Michael Pineda is having a hard time right now. Not when it comes to plate appearances ended by the umpire — his strikeout minus walk percentage is 21st in the big leagues, just ahead of Jake Arrieta’s. Usually that’s good enough, since K-BB% was once shown to be the best in-season predictor, and because it’s hard to be bad if you’re striking a bunch of guys out and not really walking anyone.
Usually. But not right now. Not in the Bronx, at least. Because, since 2000, nobody has recorded a K-BB% over 15% (Pineda is at 17.7% currently) and suffered from a worse batting average on balls in play. Nobody has allowed more homers per nine innings in that group, either. After contact, the ball has not been Pineda’s friend.
Still, we might just chalk it up to luck and call it a day. We might, if it wasn’t so obvious from watching Pineda that he’s having trouble with command and that things aren’t quite right.
The homers are the most obvious thing. You might think a guy with mostly just a fastball and a slider would have troubles with lefties. He’s given up eight homers to righties against three to lefties, in similar samples (112 lefties faced, 136 righties). So it’s not just a bunch of hanging sliders to lefties.
Let’s try and blame a pitch. Maybe one of these is worse than the others.
That one really leaps off the page at you, huh? The changeup! He’s never given up a home run on the changeup before this year. He’s given up… (scans the page)… two this year! Take those two homers out and he’s giving up 1.5 homers per nine. Huh. Even though he hasn’t trusted his change as much this year, that can’t be it.
Command still seems important here. If only it weren’t the hardest thing to quantify. Bill Petti’s Edge% shows that, currently, Pineda is throwing fewer balls in the heart of the zone than ever before. But his overall zone percentage is also the lowest he’s ever recorded, so he’s throwing more non-competitive pitches.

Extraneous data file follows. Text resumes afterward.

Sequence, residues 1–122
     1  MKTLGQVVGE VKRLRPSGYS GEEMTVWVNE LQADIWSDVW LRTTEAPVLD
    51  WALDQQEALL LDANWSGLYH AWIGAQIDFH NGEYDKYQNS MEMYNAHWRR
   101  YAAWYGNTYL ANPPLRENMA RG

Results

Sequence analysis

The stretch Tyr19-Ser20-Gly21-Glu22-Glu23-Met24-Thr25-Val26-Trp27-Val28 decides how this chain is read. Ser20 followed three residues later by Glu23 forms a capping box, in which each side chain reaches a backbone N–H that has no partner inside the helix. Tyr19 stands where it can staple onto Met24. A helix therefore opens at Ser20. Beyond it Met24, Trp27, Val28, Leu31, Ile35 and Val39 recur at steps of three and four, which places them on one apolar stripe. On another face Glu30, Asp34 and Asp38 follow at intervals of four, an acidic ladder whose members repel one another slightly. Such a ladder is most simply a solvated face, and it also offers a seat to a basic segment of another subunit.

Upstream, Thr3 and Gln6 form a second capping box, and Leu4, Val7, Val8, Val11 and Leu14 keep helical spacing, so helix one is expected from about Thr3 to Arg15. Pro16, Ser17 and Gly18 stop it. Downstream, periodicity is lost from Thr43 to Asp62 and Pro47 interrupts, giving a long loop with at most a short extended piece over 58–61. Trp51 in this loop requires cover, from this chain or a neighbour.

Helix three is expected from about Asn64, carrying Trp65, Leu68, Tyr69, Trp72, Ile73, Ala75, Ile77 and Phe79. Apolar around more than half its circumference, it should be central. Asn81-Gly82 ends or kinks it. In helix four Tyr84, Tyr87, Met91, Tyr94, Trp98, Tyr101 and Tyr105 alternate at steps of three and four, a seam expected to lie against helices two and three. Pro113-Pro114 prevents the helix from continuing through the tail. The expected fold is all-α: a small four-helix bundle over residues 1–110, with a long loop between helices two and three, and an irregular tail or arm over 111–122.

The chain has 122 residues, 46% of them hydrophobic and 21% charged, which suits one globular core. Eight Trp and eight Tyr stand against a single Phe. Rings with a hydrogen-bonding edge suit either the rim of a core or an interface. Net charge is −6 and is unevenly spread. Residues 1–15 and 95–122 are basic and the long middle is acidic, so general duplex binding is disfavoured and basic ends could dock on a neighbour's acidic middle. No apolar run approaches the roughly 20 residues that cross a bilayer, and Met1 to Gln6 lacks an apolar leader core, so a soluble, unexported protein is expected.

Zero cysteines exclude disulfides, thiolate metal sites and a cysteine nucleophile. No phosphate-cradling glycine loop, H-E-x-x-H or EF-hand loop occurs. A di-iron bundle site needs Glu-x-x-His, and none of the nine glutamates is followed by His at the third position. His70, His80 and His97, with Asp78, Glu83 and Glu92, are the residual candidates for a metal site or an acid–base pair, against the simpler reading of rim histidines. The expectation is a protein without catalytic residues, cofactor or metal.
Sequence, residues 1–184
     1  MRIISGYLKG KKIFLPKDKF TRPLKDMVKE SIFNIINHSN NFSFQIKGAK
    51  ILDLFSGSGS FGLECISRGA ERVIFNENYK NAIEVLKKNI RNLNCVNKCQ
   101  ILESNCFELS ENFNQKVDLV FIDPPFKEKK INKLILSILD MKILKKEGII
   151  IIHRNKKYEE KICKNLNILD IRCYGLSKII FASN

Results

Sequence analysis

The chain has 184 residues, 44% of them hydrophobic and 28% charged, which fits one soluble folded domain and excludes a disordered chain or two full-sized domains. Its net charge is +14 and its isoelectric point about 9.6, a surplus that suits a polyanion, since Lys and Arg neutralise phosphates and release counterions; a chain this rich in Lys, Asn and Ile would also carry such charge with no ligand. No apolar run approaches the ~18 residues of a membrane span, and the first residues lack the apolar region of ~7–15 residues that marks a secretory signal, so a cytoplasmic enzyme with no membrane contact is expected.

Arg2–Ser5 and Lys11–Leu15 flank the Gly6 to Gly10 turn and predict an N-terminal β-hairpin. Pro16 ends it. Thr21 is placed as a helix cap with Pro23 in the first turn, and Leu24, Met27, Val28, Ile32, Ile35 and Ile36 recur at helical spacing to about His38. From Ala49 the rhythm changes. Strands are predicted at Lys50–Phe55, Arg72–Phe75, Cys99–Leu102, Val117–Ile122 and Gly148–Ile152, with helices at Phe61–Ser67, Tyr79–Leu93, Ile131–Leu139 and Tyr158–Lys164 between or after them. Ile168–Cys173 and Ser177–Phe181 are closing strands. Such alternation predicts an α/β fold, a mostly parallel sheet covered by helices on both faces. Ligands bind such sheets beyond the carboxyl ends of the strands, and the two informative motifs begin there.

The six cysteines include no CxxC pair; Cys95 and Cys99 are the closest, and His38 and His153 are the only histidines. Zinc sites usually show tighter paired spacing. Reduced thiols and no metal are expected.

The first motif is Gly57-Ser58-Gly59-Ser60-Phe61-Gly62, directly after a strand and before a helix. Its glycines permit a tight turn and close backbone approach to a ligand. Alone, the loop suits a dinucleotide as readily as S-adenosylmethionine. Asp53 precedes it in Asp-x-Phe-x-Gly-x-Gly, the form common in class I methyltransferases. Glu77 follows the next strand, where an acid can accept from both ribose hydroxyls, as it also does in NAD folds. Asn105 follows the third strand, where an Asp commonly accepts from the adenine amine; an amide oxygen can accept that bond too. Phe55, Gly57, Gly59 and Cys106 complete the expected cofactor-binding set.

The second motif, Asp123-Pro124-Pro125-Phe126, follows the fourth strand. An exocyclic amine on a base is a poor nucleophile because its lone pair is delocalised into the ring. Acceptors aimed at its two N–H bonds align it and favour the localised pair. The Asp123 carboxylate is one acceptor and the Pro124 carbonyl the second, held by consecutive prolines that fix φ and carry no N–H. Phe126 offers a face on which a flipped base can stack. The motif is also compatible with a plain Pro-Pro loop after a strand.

How about hanging breaking balls? I developed a few measures to try and quantify breaking-ball command for The Hardball Times Annual last year. I looked at average height in the strike zone and average drop for curve balls in one-strike counts. In those counts, pitchers most likely want a swing and a miss, so it seems most fair to judge those breaking balls by how low in the zone they cross the plate, and how much drop they have.
|Year||Average Height||Average Drop|
Pineda’s slider is the tiniest bit flat this year. But he’s also burying them, nearly a full four inches lower on average. There’s no smoking gun here.
If it’s not one pitch, perhaps it’s all of them? Strangely, Pineda’s vertical release point is the highest of his career and he’s seeing the worst drop of his career on all of his pitches. Maybe not so strangely — we know there’s a relationship between arm angle and rise, so basically he’s getting more rise on his pitches, and it’s not working out to his advantage. He did lose some cut on his breaking pitches, but has righted the ship on that front to some extent.
Is it something we can see with our eyes? Here’s a still upon (fastball) release from last year (left) and this year (right). Doesn’t seem very different.
To sum up so far, Pineda’s relationship of strikeouts to walks is about the same as it’s been previously in his career. That relationship is in good shape. He’s been getting spanked on balls in play, and subjectively, the command looks off, but none of our metrics for command tells us much. His breaking ball is moving about the same as usual and crossing the plate lower than usual, and he’s missing the heart of the plate more than usual, not the sort of indicators you normally associate with poor command.
What we can say is that he’s not getting the ball in the zone as much, his arm angle is a little different, and his stuff is the tiniest bit flat this year. Looking at the non-competitive pitches — a pitch more than 2.5 feet from the center of the zone per the working definition August Fagerstrom used for a post this past November — he’s throwing 1.8% of his pitches in the non-competitive zone, mostly on the plate or in the dirt this year, compared to 1.0% last year.
There’s no indication that any of these things are flaws Pineda can’t correct. As much as it seems impossible, the facts remain that Pineda is still getting the whiffs, not walking the ballpark, and not showing signs of injury. It might even be a matter of confidence — get hit around a little and you will probably finish some of your sliders so hard that they bounce on the plate. Whatever it is, the fix will probably be less drastic than the (seeming) problems.
With a phone full of pictures of pitchers' fingers, strange beers, and his two toddler sons, Eno Sarris can be found at the ballpark or a brewery most days. Read him here, writing about the A's or Giants at The Athletic, or about beer at October. Follow him on Twitter @enosarris if you can handle the sandwiches and inanity.